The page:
The district court admitted the ALJ's Initial Decision and the NTSB's Order Dismissing Appeal under the public records exception to the hearsay rule. This exception, found in Federal Rules of Evidence 803(8), applies to:
Records, reports, statements, or data compilations, in any form, of public offices or agencies, setting forth ․ (C) in civil actions and proceedings ․ factual findings resulting from an investigation made pursuant to authority granted by law, unless the sources of information or other circumstances indicate lack of trustworthiness.
Rule 803(8) is grounded on the assumption “that a public official will perform his duty properly and the unlikelihood that he will remember details independently of the record.” Fed.R.Evid. 803(8) advisory committee's note, quoted with approval in Ellis v. International Playtex, Inc., 745 F.2d 292, 300 (4th Cir.1984). The admissibility of a public record specified in the rule is assumed as a matter of course, see id., unless there are sufficient negative factors to indicate a lack of trustworthiness, in which case it should not be admitted, id. The party opposing admission has the burden to establish unreliability. Id. at 301. Rule 803(8) “is not a rule of exclusion, but rather is a rule of admissibility” as long as the public record meets the requirements of the rule. Fred Warren Bennett, Federal Rule of Evidence 803(8): The Use of Public Records in Civil and Criminal Cases, 21 Am. J. Trial Advoc. 229, 232 (1997). See also Beech Aircraft Corp. v. Rainey, 488 U.S. 153, 169, 109 S.Ct. 439, 102 L.Ed.2d 445 (1988) (taking “[a] broad approach to admissibility under Rule 803(8)(C)”).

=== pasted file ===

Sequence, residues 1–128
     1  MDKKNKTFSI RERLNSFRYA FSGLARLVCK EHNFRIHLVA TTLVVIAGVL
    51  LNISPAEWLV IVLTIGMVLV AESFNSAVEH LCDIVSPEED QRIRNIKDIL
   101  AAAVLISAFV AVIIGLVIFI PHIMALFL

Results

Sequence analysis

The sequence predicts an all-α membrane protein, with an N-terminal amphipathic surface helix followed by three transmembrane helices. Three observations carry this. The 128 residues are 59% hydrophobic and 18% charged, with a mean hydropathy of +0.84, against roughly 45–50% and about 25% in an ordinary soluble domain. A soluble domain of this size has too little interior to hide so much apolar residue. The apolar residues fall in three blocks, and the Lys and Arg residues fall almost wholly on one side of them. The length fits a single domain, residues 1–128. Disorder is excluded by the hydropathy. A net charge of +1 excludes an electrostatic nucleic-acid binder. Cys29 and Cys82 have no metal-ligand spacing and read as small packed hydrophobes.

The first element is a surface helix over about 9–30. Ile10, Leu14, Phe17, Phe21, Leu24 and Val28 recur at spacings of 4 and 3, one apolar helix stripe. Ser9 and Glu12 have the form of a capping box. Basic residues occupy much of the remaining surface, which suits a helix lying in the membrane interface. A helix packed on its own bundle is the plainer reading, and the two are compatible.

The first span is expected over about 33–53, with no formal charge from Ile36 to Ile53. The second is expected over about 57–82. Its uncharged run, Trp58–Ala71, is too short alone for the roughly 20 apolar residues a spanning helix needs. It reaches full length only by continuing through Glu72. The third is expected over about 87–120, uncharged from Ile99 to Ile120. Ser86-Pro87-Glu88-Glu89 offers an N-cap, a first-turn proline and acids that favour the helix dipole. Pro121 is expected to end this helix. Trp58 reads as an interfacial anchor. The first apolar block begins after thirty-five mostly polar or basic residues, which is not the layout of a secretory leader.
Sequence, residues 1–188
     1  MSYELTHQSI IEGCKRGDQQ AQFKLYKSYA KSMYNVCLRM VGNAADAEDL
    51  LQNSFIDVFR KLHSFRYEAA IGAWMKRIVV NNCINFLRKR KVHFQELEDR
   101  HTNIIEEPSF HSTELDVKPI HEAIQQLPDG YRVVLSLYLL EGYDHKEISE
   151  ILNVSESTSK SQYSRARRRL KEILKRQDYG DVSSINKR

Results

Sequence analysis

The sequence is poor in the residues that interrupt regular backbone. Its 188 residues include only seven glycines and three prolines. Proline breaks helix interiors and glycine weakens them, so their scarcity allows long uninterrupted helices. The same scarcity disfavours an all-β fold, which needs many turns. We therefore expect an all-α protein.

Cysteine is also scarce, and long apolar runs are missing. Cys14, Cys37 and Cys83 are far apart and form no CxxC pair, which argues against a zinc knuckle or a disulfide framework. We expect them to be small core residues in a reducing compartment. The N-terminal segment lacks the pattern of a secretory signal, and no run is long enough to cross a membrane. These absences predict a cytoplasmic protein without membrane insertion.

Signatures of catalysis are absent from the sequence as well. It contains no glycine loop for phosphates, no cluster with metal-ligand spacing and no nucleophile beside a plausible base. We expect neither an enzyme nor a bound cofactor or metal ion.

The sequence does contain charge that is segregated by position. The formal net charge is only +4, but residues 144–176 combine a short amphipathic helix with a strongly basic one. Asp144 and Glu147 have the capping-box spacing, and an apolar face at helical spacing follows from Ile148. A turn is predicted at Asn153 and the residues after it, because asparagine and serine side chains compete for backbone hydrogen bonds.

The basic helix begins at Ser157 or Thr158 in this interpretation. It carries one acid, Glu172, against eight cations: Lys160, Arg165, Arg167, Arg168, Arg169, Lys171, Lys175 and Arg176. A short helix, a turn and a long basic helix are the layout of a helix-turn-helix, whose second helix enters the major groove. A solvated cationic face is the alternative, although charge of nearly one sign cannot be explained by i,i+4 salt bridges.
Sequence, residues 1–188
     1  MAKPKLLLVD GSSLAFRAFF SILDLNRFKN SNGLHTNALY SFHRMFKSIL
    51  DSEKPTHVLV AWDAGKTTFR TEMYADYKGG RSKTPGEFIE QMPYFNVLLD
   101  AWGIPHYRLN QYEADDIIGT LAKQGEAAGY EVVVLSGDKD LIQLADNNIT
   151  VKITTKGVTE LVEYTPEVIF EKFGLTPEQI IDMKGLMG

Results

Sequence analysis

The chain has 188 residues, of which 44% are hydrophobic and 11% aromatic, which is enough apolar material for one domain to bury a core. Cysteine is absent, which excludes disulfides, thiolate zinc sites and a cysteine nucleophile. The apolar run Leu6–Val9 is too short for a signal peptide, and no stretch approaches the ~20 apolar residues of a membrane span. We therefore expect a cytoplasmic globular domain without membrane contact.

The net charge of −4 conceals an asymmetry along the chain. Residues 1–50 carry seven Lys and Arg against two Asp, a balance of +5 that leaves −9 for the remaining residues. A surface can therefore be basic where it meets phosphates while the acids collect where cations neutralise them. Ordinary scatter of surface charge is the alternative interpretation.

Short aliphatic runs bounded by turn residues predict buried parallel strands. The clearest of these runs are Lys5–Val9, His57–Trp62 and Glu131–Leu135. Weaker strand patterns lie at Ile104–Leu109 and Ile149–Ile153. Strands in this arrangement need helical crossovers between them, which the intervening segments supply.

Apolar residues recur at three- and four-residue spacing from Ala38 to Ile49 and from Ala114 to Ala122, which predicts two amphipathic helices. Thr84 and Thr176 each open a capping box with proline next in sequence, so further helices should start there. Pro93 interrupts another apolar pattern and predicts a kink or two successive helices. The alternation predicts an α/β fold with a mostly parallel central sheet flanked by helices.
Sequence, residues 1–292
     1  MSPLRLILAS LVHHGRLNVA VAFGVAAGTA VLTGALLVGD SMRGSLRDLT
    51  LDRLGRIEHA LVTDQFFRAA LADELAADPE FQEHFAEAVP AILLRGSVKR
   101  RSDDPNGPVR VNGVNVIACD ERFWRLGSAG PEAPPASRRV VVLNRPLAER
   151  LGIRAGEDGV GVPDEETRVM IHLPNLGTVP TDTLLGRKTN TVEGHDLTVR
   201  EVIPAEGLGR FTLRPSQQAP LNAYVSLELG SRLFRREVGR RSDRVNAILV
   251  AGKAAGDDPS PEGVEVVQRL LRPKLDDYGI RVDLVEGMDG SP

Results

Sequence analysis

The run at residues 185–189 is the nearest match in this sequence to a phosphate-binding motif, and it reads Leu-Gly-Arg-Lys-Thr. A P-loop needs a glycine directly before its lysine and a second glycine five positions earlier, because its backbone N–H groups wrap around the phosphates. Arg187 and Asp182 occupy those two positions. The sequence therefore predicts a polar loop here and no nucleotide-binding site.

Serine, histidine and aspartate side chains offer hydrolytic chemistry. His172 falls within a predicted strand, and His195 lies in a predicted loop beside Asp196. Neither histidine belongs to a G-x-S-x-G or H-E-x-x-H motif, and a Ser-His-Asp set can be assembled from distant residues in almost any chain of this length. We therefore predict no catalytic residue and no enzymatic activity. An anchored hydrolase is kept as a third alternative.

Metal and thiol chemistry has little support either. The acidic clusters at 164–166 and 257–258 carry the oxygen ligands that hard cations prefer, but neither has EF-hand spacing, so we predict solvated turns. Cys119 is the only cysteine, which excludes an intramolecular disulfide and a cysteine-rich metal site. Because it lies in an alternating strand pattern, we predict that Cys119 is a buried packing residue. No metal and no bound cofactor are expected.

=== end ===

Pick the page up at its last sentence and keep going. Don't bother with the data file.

We turn first to Alphin's argument that the ALJ's decision is inadmissible. Alphin argues that the decision is not the result of “factual findings resulting from an investigation,” as required by Rule 803(8)(C). Rather, Alphin says, the decision is the result of “an appellate quasi-judicial proceeding,” in which the ALJ's “role was that of a judge.” Appellant's Br. at 12. Understanding the ALJ's role is basic, but once his role is understood, it becomes apparent that the admission of his decision is consistent with Rule 803(8)(C) and the case law.
To examine the ALJ's function, we start with the root of this controversy, the FAA's Emergency Order of Suspension, which suspended the airworthiness certificate on Zeus's airplane. Zeus appealed the order of suspension to the NTSB. See 49 U.S.C. § 44709(d) (“A person adversely affected by an order of the [FAA] under this section may appeal the order to the National Transportation Safety Board.”) Zeus's appeal to the NTSB started a new proceeding, in which the FAA's suspension order simply served as the complaint. See 49 C.F.R. § 821.31 (1998). An ALJ was assigned to preside over this new proceeding. See 49 C.F.R. § 821.35(a) (1998). At the ensuing hearing each party had the opportunity to present its evidence and to cross-examine witnesses. See 49 C.F.R. § 821.38 (1998). Although Alphin was not a party, the ALJ allowed it to intervene, with its participation confined to issues concerning the technical aspects of its repair work on the airplane. During the twelve days of hearings the ALJ conducted an extensive factual inquiry into the airworthiness of Zeus's airplane. The ALJ heard and considered testimony from FAA inspectors, the president of Alphin, one of the owners of Zeus, and several scientific and engineering experts. The ALJ also examined the airplane's maintenance records and reviewed the results of metallurgical and engineering tests on the plane. After the hearing the ALJ issued his decision that included detailed factual findings and determined that the airplane was not airworthy. The ALJ based his findings on “a preponderance of reliable, probative, and substantial evidence.” 49 C.F.R. § 821.49(a)(1) (1998).